[PLUG] Fwd: RE: Phone battery drain. (Extra info)

Guy Letourneau guy1656 at opusnet.com
Tue Nov 27 05:33:35 PST 2012


I have a good friend of a few decades who has been working as an 
electical engineer, first in pagers, then in more contemporary wireless 
devices. I sent him Keith Lofstrom's and John Jason Jordan's exchange 
and here are his additional technical comments. ('QSO' stands for 
'conversation' as he is also a ham radio operator.)

Enjoy:

- GLL

-------- Original Message --------


The QSO below brings up some interesting points indeed.

For LTE and CDMA protocols in particular, the transmit power is
increased as needed to be heard during events such as described below 
where there is an attenuated path back to the base station.

Also, there is what we call "the cocktail party effect" which 
essentially says that if everyone in a room talks at once, and we wish 
to be heard in our individual conversations, we must raise our voices.

When everyone does this, the situation must escalate in volume until the
path loss between different conversations is large compared to the path 
loss between ears and mouths of the individuals having each 
conversation, and at that point sufficient power has been attained to 
converse...  Essentially, the fewer the transmitters there are on a CDMA 
or LTE channel, the less power is required.  Parties with fewer people 
are always quieter.

This effect is also qualified by everyone operating on the same 
frequency simultaneously. The GSM protocol is TDMA (Time Division 
Multiple Access), which involves the individual transmitters having an 
assigned timeslot, and so we have only one person talking at a time, and 
this takes considerably less power.

The batteries always last longer in GSM phones for this reason.

As for the CMOS power amps, this sounds a bit hoaky. Reason is, that we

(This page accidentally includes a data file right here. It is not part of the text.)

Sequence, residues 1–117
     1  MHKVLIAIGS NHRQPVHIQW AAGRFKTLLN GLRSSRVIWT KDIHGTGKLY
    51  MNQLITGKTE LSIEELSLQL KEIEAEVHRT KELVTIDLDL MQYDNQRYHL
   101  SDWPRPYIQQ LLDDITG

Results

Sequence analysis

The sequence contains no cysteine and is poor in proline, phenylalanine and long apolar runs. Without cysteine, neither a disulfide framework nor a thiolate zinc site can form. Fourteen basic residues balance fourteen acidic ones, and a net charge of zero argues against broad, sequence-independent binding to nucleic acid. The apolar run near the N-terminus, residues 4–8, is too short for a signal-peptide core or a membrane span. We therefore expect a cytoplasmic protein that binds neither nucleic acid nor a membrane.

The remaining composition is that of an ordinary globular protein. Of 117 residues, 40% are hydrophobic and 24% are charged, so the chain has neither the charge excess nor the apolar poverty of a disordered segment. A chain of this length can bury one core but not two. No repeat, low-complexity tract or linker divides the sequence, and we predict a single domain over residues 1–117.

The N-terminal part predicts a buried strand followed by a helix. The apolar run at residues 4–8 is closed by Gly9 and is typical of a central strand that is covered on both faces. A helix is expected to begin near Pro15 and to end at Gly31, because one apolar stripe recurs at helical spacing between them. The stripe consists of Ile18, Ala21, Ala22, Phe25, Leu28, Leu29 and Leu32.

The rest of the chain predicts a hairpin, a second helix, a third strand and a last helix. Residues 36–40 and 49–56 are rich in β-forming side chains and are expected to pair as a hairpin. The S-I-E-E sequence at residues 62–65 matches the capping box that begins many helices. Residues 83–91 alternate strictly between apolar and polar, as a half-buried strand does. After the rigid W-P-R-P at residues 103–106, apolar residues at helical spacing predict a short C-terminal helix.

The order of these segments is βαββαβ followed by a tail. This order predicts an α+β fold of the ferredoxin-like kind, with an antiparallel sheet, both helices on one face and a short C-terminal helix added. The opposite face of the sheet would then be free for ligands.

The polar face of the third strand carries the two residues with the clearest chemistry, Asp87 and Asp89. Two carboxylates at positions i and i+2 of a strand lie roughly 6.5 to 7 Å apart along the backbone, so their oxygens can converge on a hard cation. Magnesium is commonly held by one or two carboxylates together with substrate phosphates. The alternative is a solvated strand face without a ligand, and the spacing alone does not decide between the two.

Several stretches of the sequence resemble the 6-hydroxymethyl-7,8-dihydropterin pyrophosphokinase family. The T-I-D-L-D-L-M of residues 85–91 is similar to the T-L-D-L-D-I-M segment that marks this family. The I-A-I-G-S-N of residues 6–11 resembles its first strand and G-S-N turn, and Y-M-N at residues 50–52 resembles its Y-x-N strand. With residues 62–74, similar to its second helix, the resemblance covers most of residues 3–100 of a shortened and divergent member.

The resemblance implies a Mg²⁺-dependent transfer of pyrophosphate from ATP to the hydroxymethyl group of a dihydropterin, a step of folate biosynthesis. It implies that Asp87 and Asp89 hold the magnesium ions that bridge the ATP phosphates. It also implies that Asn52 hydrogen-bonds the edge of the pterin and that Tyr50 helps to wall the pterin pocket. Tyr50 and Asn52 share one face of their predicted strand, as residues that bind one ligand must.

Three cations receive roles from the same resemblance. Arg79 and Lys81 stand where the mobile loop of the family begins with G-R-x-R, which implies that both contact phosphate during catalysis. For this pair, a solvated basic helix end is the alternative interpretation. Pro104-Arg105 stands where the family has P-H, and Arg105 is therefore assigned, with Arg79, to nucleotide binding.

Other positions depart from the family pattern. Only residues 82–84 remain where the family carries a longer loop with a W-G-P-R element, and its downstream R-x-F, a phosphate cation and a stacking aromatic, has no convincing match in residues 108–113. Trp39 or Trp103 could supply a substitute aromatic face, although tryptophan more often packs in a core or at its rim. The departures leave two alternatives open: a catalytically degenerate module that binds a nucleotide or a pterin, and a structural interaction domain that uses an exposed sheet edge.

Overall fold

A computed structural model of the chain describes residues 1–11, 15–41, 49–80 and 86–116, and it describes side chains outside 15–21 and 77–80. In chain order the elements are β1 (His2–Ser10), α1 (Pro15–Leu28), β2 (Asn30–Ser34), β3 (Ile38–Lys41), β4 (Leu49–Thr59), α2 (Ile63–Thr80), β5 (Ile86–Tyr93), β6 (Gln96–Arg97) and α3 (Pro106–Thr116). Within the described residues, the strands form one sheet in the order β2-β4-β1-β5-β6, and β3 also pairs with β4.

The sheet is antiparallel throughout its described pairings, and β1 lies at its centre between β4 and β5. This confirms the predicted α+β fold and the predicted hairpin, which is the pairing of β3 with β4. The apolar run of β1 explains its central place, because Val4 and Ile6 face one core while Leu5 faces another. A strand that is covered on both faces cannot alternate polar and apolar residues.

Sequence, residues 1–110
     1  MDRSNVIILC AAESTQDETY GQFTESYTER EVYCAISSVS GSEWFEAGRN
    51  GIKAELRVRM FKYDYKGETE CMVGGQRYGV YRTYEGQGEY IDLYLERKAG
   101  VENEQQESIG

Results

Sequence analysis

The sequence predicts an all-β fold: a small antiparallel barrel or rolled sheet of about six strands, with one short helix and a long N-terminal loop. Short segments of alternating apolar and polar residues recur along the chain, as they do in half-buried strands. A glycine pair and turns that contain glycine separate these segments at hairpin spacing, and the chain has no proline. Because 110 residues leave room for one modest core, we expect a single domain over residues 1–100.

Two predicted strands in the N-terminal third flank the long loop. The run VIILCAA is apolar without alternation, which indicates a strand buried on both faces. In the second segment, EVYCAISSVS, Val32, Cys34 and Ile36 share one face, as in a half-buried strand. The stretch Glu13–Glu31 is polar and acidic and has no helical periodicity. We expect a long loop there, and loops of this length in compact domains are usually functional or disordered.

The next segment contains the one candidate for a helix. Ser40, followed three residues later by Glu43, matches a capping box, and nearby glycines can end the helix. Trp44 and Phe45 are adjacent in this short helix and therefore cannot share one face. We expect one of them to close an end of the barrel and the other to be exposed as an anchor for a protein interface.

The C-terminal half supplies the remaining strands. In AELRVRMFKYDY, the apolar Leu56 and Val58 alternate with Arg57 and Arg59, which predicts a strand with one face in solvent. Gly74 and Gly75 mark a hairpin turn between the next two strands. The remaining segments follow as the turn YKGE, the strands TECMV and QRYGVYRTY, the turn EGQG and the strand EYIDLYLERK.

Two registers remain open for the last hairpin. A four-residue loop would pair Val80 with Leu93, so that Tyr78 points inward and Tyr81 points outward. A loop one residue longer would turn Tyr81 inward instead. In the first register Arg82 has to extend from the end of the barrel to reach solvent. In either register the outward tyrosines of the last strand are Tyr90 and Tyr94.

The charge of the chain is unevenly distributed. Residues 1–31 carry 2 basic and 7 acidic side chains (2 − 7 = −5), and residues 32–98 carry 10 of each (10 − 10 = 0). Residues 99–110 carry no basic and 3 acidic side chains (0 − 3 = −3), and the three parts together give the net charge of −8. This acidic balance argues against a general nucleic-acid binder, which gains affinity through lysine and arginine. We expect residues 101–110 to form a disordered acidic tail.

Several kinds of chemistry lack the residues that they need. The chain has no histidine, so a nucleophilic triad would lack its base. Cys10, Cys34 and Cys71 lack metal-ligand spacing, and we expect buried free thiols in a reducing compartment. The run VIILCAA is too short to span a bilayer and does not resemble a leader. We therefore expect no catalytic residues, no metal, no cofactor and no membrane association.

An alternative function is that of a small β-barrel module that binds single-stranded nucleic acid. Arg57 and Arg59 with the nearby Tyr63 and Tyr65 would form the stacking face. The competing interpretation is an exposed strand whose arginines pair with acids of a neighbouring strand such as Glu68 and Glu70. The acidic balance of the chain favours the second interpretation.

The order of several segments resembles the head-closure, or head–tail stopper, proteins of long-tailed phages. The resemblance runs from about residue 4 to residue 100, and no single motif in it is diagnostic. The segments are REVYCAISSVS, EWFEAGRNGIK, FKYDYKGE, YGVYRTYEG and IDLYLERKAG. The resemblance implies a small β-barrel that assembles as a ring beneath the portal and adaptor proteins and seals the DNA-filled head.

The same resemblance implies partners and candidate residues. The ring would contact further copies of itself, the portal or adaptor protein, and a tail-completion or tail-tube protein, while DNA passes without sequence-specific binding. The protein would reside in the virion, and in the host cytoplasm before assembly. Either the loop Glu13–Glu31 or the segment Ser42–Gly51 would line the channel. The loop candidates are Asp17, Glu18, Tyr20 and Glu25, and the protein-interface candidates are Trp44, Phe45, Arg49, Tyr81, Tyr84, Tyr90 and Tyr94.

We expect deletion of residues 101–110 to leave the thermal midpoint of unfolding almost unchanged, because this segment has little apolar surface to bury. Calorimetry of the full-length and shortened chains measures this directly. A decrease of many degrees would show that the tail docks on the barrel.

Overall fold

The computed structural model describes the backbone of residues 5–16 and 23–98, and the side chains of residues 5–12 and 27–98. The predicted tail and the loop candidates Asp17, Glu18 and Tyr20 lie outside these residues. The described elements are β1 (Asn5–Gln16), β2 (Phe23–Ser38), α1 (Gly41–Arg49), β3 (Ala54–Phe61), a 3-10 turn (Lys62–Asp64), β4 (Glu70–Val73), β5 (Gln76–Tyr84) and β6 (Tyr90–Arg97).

need linear PA's in order to have sufficiently low group delay 
distortion.  CMOS makes some great non-linear (like Class C) PA's but 
isn't well suited for linearity. I'm sure some topologies try to do 
this, but most must use GaAs devices in order to attain sufficient John 
Jason Jordan linearity. CMOS also creates lots of harmonics too, which 
is bad for passing FCC part 15B...

I wouldn't be surprised if someone is doing this, but it would be a very
difficult and inefficient way. (I could see some inexperienced Chinese 
company doing this...) In our base-stations, we use GaAs FET's in a 
Dougherty configuration, which means a linear main amplifier,
With an additional peaking amp summing power in. The whole thing is
delightfully linear, but not very efficient (about 26%,) which isn't too 
far from the theoretical class A amplifier maximum of 33%.
This method involves significantly less cost than a big-ole-hawnkin
class A power stage, which makes up for the inefficiency in the eyes of 
management. CMOS would probly be < 8% efficient given all the harmonic 
filtering that would be needed.

M

-------- Original Message --------
Subject: [PLUG] Phone battery drain


On Wed, Nov 21, 2012 at 05:09:47PM -0800, John Jason Jordan wrote:
> My Samsung Galaxy S2 battery has suddenly started draining within a
> couple of hours, even with no phone usage. I have several suggestions
> from Phandroid forums to try, but one of them seemed a good idea even
> if it is not the source of the problem, that is, clean the USB jack on
> the bottom of the phone.

While cleaning the USB jack has a small probability of helping,
there are two more likely causes:  Battery failure, and radio
failure in the phone.

I just replaced the battery in my semi-dumb Nokia flip phone,
which used to last a week on a charge (not suprising with 10
calls a month) and recently dropped to a day.  The replacement
worked.  The replacement battery was from a spare/identical
Nokia that I keep around "just in case".  I ordered another
battery via Amazon for $4.


There is a grimmer possibility, a bit technical.  A high
quality cell phone (which nobody makes anymore) would use
a gallium arsenide power amplifier on the radio.  GaAs is
a faster process, so the amplifier does not need to be
pushed as hard to deliver both efficiency and reliability.

But standard CMOS silicon is cheaper than GaAs, because 99%
of all integrated circuits are made with silicon, and most
of those are CMOS silicon.  Most of the phone is CMOS
silicon, which is great for the processors and memory and
such.  So to save a few pennies per phone, manufacturers
make the power amplifier with CMOS, too.

Whether you use the phone for calls or not, the phone frequently
sends out "registration requests" to cell towers to let the
network know where it is.  If the tower is distant, or you are
in a shielded area, the phone pumps up the transmit power of
the registration request until the tower hears it.  That means
battery drain, but mostly it means increased stress on the power
amplifier.  If the shielding is a nearby metal table, or other
materials that interfere with the efficiency of the antenna,
-- 
Keith Lofstrom          keithl at keithl.com         Voice (503)-520-1993
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